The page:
Floyd B. Olson Biography

Life was hard during the Great Depression. Americans were desperate for a hero, a bigger-than-life figure who could save them from economic disaster in the form of plummeting agricultural prices, skyrocketing farm foreclosures, a severe drought, business failures, widespread unemployment, and labor unrest. Minnesotans found their hero in Floyd B. Olson. Even his detractors, who questioned his motives and quaked when he called himself a "radical," conceded that the twenty-second governor was a remarkable leader with a genius for inspiring hope during frightening times.

Floyd Bjørnstjerne Olson was the son of poor Scandinavian immigrants who settled in north Minneapolis. His checkered education included one year at the University of Minnesota, a stint as a laborer in the Pacific Northwest, and a degree from Northwest Law College. In 1919 the young lawyer was appointed assistant attorney for Hennepin County and soon became county attorney, a position he held for ten years. By the time he was elected the state's first Farmer-Labor Party governor, Olson's reputation as a tough-talking man of the people was sealed, and his skills as a canny politician and radio orator were well honed. He used these qualities to appeal to the rural and, especially, urban poor with his rousing rhetoric while gaining the support of a relatively conservative legislature.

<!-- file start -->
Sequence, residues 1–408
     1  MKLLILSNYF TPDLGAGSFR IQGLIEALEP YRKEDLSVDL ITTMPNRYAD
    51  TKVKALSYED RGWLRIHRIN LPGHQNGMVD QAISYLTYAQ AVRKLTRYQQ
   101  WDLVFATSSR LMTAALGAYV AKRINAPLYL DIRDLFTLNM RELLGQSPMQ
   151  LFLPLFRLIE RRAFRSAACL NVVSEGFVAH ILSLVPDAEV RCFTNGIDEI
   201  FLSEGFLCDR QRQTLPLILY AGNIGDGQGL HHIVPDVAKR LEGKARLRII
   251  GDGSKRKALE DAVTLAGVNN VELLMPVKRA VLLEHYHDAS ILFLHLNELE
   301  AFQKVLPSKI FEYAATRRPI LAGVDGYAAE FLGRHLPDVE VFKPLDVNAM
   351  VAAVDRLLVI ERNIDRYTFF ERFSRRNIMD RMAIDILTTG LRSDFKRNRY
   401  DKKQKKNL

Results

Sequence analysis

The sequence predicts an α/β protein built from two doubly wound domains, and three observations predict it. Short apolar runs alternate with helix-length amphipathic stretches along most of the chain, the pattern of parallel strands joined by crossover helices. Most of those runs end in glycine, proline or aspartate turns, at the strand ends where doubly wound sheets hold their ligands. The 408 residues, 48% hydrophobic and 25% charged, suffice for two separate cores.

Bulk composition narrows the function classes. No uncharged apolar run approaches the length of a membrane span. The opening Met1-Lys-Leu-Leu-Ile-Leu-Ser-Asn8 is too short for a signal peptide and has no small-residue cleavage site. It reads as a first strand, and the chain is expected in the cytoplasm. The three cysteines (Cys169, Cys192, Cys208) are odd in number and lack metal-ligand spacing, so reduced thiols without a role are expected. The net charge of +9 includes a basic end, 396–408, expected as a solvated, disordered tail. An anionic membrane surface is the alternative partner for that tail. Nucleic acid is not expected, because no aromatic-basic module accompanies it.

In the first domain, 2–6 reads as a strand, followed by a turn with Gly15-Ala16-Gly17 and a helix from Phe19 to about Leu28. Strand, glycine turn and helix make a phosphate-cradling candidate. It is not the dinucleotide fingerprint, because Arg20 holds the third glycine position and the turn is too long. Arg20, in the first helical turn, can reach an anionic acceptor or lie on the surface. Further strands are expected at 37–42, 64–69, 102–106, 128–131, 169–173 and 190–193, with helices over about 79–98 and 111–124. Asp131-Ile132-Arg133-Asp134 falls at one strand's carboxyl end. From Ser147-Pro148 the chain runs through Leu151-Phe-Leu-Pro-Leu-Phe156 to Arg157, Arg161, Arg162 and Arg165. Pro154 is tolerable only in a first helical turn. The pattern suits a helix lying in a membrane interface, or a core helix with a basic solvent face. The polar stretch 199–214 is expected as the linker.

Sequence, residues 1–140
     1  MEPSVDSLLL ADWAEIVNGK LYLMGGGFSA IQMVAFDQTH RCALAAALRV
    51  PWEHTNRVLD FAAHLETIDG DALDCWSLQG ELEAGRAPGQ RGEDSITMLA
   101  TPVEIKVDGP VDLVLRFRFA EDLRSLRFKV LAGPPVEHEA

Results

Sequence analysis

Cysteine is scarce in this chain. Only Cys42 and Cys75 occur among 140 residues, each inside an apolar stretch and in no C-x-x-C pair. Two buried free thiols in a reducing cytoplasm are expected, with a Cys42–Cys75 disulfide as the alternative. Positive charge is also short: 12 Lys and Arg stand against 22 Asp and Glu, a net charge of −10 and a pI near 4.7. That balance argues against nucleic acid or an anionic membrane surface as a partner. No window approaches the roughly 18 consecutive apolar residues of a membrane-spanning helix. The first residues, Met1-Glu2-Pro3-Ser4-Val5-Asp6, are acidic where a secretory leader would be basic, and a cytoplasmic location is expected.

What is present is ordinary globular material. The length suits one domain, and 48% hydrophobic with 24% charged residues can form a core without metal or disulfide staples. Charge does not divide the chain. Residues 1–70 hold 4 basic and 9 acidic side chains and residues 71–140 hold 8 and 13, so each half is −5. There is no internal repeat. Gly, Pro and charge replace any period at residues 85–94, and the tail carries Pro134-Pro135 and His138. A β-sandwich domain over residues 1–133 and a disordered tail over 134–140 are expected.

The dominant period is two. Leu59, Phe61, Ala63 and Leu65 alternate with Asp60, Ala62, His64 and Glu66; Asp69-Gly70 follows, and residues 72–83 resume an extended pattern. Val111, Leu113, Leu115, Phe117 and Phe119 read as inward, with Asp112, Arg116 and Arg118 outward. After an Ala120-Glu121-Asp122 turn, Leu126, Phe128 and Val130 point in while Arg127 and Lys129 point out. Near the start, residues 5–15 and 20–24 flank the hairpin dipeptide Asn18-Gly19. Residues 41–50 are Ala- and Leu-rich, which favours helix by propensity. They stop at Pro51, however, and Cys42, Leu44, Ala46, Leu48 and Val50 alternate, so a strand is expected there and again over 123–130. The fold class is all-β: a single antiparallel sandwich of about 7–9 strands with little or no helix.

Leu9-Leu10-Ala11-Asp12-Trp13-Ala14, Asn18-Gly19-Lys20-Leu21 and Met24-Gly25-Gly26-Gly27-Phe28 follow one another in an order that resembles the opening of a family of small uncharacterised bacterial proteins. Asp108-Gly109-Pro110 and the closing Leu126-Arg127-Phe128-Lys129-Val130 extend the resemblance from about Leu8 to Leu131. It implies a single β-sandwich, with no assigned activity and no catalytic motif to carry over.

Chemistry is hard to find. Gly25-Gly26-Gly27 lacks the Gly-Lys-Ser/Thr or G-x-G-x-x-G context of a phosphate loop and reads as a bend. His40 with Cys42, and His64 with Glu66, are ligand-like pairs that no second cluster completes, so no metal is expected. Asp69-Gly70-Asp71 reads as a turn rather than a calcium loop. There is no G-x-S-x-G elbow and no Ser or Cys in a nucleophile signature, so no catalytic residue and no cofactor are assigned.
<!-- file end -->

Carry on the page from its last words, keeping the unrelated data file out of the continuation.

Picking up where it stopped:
In each of three successive campaigns, Olson spoke more vehemently against "the failure of government and our social system to function in the interests of the common happiness of the people." After each election he urged more legislation to alleviate the Depression's devastating effects. His power and popularity helped make Minnesota's Farmer-Labor coalition the most successful third party in America's history.

Olson's death in office at age 44 stunned his supporters. They mourned the passing of their homegrown hero, who rose to national prominence but never forgot his ties and responsibilities to the common people of his native state.